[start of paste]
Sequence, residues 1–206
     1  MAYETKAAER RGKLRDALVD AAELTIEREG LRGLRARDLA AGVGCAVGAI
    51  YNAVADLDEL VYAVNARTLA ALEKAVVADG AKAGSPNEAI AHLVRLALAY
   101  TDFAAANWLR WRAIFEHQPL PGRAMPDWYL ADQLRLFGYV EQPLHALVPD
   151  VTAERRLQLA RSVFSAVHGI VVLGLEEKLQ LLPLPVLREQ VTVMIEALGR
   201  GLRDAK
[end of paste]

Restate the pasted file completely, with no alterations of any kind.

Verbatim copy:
Sequence, residues 1–206
     1  MAYETKAAER RGKLRDALVD AAELTIEREG LRGLRARDLA AGVGCAVGAI
    51  YNAVADLDEL VYAVNARTLA ALEKAVVADG AKAGSPNEAI AHLVRLALAY
   101  TDFAAANWLR WRAIFEHQPL PGRAMPDWYL ADQLRLFGYV EQPLHALVPD
   151  VTAERRLQLA RSVFSAVHGI VVLGLEEKLQ LLPLPVLREQ VTVMIEALGR
   201  GLRDAK